The people at Sleeklens, developers of many things photographic (particularly for Adobe’s Lightroom™ and Photoshop™), have asked me to do a short review of one of their products – a set of landscape photography oriented Lightroom presets they call Through The Woods Workflow. This bundle includes 51 presets and 30 brushes as well as instructions for installing them and some helpful “recipe lists” to aid you in their use.
What are Presets?
This review is not a tutorial on using presets and brushes but for readers who may not be familiar with them, suffice it to say that a Lightroom preset is usually two or more photo adjustment settings collected together so the user can accomplish that set of image changes with a single click. A brush (preset) is similar in that it collects a set of brush settings together so that the user can select a brush to accomplish a local adjustment goal without having to remember and make all the settings necessary for that brush each time.
And most important to me – as a Lightroom user I know that a preset should often be considered to be a starting point, rather than an end. Since presets are only “presetting” photo adjustments which can all be done individually, those adjustments can be changed at any time by the user (or, in the case of brushes, the brush settings can be changed at any time) to obtain the desired result for a particular image.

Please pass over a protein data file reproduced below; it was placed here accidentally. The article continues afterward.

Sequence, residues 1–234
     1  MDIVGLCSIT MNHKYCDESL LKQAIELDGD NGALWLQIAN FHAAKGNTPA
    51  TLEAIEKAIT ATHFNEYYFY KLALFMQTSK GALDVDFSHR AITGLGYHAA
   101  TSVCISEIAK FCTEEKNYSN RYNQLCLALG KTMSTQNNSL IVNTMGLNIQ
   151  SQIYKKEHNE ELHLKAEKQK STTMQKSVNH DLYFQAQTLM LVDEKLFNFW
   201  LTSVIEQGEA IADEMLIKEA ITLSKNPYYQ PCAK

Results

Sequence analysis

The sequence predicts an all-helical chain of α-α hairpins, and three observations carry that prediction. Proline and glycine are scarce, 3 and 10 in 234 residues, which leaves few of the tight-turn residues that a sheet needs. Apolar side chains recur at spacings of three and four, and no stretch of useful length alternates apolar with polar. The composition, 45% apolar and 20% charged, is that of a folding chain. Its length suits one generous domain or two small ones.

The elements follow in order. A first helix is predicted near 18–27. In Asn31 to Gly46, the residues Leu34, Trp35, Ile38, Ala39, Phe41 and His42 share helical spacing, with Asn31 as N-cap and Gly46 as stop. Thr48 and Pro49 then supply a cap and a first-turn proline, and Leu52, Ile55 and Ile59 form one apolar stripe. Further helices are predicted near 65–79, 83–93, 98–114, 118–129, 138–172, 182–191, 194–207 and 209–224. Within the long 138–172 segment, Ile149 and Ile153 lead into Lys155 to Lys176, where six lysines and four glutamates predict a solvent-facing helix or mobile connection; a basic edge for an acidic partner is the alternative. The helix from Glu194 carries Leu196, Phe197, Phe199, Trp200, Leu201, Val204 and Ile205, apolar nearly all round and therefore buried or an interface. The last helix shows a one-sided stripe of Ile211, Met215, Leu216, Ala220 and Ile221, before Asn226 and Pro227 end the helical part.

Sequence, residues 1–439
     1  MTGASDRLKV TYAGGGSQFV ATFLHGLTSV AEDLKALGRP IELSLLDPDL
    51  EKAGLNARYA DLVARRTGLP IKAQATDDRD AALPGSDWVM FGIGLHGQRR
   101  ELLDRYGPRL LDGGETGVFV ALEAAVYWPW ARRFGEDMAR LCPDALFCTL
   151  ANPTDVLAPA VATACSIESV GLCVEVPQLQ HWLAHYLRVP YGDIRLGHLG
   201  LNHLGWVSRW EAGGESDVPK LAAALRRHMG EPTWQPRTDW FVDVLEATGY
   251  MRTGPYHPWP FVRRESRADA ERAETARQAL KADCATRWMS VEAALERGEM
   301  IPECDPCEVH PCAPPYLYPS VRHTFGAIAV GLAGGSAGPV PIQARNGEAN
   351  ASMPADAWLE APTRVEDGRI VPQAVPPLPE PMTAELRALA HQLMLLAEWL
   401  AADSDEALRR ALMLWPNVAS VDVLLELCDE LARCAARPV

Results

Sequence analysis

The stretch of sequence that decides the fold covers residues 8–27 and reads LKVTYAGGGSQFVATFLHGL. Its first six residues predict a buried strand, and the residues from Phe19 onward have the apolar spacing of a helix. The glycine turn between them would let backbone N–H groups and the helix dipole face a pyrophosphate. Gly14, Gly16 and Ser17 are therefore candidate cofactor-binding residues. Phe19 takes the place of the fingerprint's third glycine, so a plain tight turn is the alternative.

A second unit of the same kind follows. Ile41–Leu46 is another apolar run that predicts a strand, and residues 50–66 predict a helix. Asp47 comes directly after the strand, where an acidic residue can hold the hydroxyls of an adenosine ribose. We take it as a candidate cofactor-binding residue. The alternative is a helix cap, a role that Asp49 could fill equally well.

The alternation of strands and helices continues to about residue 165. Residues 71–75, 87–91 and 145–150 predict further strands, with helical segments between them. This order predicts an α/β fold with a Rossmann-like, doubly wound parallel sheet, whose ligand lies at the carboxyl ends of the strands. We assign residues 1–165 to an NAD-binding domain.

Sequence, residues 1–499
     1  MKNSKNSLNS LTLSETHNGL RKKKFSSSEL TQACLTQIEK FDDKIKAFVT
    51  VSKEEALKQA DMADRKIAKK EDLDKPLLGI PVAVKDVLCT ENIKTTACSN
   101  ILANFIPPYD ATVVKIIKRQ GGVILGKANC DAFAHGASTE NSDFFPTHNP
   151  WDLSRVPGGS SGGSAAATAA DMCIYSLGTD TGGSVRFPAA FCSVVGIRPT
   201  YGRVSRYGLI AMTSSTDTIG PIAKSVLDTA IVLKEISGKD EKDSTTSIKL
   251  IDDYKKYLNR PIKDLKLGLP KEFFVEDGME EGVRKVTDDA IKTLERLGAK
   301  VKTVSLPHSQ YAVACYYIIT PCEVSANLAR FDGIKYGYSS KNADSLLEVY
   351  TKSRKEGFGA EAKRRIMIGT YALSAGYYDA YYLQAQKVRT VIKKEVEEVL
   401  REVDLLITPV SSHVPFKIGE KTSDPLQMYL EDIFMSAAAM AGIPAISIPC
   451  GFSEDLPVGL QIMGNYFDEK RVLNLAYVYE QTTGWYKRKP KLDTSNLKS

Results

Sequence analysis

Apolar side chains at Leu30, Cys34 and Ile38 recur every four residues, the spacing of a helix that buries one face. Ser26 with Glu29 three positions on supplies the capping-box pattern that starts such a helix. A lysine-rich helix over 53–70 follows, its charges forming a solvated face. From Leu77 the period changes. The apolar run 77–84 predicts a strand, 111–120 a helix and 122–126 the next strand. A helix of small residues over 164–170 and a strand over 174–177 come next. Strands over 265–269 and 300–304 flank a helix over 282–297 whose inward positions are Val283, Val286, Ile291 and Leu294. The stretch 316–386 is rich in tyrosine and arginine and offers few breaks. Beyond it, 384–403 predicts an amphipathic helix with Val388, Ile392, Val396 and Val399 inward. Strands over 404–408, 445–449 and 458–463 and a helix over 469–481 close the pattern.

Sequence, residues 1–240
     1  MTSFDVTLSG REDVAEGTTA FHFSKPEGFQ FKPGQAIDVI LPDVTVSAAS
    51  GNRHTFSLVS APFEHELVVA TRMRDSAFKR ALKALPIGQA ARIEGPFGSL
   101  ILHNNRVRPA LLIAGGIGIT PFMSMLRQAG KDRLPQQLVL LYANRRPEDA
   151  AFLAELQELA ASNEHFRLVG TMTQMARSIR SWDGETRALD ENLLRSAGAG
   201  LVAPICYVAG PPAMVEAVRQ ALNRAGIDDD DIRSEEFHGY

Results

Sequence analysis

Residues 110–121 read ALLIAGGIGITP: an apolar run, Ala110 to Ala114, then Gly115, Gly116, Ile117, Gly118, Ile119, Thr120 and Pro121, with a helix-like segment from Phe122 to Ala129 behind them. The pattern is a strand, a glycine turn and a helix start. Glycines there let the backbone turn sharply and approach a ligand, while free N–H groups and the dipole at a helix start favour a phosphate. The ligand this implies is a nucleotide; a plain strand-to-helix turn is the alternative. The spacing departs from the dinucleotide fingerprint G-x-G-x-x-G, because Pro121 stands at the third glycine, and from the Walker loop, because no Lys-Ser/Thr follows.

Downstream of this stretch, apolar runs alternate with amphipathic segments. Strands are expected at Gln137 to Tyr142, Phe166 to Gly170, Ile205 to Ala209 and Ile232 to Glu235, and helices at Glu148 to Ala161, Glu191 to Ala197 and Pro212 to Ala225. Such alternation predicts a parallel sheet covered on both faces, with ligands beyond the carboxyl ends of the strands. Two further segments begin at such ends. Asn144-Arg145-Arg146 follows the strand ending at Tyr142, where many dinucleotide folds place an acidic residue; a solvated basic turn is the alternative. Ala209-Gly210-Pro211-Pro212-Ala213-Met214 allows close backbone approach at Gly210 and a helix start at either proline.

Through The Woods Review
The presets in Through The Woods are nicely organized into subsets and are divided into two different types. Those two types are called “All In One” and “stackable.” The “All In One” presets do exactly what you might expect; a single preset makes many adjustments to a photo to present a completely edited result. The “stackable” presets are designed to only set a small subset of possible photo adjustments (e.g., exposure, color, tone, etc.); the user can choose a preset from each stackable subset to accomplish the overall adjustment goal. It is this set of stackable presets which create a workflow approach to photo editing (you can just go down the list of stackable presets, choosing one or none from each subset and that creates the basic workflow). In either case (All In One or stackable), the user can then switch to local adjustments using preset brushes to further enhance the image.
This system works well for beginners as well as experts. By starting with an All In One preset, beginners can then look at the resulting adjustments and begin to see how each adjustment can help to create a particular look. That educational side-effect can used to learn from the stackable presets and the brushes, as well. And, once you’ve learned what each of the presets can do, they can definitely save time and effort when adjusting images.
The downside of this preset approach for me was trying to understand and remember what each preset does. The names of the presets sometimes helped a great deal in predicting an outcome. For example, All In One names like Calm Sunset, Dawn Rising, and Warm Shadows gave me a clue as to what the preset might do. But others like Love Me Tender, Pressed In Time, and the Royal Treatment did not help me in making a choice. The names of presets in the stackable subsets similarly had some that I considered to be useful, on the one hand, and just cute, on the other.